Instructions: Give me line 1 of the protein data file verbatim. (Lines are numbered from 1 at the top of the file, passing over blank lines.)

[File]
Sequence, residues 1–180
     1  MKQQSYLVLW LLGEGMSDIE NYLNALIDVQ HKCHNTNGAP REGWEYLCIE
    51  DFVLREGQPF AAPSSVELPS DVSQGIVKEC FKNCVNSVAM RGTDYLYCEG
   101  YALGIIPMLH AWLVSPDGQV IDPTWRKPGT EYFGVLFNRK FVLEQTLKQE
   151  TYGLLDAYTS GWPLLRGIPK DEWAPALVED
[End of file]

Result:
Sequence, residues 1–180